More than 10,000 Australians have filed coronavirus vaccine injury claims

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Taxpayers are facing a hefty bill for rare but significant coronavirus vaccine injuries, with at least 10,000 people planning to claim under the federal government’s no-fault indemnity scheme.

Services Australia is building an online portal, to be launched next month, for uncapped claims above $5000 from those who suffered injury and loss of income due to their COVID-19 vaccine, with compensation for medical costs and lost wages to be paid by the government.

The government is facing more than 10,000 compensation claims for COVID-19 vaccine injuries.Credit:Getty

Shine Lawyers head of medical negligence Clare Eves said the amount of the claims “could be really significant” for people who experienced rare but serious adverse vaccine reactions, such as stroke and inflammation of the heart.

“Adverse events, even though they happen to a tiny proportion of people, for the people it does impact it’s really quite devastating,” Ms Eves said.

The Therapeutic Goods Administration recorded 78,880 adverse events linked to COVID-19 vaccination, representing a small minority (0.21 per cent) of the 37.8 million doses administered to 18.4 million people, by November 7. The vast majority of those 78,000 adverse events were mild side effects, including headache, nausea and sore arms.

More than 10,000 people have registered their interest to make a claim since registration opened on the federal health department’s website in September, official data shows, meaning it would cost at least $50 million if each claim is approved.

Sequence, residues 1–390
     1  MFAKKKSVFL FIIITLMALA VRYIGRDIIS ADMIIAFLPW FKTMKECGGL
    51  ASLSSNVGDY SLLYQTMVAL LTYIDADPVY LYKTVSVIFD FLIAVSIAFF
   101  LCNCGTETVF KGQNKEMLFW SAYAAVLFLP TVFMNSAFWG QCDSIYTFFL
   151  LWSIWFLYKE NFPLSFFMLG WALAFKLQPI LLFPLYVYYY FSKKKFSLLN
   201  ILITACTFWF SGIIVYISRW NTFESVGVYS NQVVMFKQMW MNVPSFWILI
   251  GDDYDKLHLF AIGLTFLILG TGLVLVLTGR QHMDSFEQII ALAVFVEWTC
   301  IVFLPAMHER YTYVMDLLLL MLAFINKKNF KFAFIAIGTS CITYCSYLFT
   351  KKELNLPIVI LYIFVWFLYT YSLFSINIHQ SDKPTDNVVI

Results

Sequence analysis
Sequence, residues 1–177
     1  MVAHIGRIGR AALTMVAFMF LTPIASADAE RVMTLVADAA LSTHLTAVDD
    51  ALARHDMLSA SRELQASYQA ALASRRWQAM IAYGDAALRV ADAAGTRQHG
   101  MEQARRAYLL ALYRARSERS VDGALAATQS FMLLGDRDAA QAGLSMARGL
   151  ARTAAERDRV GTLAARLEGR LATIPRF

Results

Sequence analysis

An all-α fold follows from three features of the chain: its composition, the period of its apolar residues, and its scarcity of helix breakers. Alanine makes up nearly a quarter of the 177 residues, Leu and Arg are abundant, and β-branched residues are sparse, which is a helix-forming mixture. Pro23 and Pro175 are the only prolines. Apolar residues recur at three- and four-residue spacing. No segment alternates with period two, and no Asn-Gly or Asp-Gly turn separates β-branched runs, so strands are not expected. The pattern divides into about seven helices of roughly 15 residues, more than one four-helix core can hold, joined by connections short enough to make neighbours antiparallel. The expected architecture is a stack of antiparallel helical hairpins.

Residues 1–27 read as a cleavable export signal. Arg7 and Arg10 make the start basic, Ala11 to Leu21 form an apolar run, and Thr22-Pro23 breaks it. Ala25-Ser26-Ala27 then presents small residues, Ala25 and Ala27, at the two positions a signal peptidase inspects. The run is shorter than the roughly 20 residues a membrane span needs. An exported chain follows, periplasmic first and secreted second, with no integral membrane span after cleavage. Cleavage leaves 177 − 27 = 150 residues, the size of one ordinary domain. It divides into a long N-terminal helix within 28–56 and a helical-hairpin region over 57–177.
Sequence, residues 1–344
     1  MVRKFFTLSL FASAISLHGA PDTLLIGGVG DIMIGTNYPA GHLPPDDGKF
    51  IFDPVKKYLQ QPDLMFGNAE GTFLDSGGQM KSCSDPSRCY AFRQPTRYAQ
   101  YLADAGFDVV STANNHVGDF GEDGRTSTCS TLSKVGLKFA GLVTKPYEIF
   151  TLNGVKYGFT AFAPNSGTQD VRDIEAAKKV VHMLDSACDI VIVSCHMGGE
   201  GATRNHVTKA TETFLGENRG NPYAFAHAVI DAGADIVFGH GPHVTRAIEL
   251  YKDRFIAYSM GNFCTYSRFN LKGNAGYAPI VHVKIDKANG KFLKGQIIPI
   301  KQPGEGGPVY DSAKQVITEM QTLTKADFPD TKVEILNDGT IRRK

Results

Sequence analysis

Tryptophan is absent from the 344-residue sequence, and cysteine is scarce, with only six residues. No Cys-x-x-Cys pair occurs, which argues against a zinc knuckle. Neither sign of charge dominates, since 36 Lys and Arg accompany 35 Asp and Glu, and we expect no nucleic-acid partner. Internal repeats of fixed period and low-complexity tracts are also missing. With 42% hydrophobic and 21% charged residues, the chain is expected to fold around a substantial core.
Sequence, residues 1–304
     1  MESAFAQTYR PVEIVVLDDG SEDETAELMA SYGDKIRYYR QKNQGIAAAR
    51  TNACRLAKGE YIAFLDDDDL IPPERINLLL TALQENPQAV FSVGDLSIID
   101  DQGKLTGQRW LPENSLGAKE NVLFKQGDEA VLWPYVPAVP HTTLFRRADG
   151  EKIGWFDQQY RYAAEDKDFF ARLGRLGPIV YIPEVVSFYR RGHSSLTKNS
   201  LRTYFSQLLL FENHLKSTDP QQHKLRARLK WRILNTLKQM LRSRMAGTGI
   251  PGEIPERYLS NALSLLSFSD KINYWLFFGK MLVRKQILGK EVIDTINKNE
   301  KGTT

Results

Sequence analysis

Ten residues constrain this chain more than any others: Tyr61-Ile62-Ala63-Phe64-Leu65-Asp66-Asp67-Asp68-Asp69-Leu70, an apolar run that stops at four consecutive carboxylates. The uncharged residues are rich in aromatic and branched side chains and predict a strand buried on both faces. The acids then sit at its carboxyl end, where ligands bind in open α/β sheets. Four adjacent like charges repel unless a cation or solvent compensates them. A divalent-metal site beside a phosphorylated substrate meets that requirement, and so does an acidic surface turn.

Ms Eves said significant brain or cardiac injury could result in a claim in the hundreds of thousands or even millions of dollars.

“When you’re dealing with something like a stroke, you could have someone who is a truck driver and can’t go back to work, or an accountant who can’t process big numbers anymore,” she said.

“In severe cases, people go on to have multiple strokes and may need 24-hour care.”

People who experienced a moderate to significant adverse reaction resulting in a hospital stay of at least one night are covered by the government’s vaccine indemnity scheme.

Claimants seeking $20,000 or less will need to submit evidence of their injury and its relationship to COVID-19 vaccination, medical costs and lost wages.

Claims for more than $20,000, including death claims, will be assessed by a panel of independent legal experts and compensation paid based on their recommendations.

The government has not revealed what standard of proof will be required to establish that the person’s injury was caused by the vaccine.

Nine people, most of them elderly, have died after experiencing an adverse reaction to a COVID-19 vaccine in Australia.

Ms Eves said Shine Lawyers had received an influx of calls from people wanting to pursue legal action for vaccine side effects, referring most to the government’s no-fault scheme. Shine is also representing several litigants who fall outside the scheme.

Funding for the vaccine indemnity scheme was not included in the 2021-22 budget. It is expected to be funded in the government’s mid-year economic and fiscal outlook.

Adverse reactions to be covered are based on TGA advice and will include heart conditions myocarditis and pericarditis, the blood clotting disorder thrombosis with thrombocytopenia, the rare neurological condition Guillain-Barré syndrome and immune thrombocytopenia.

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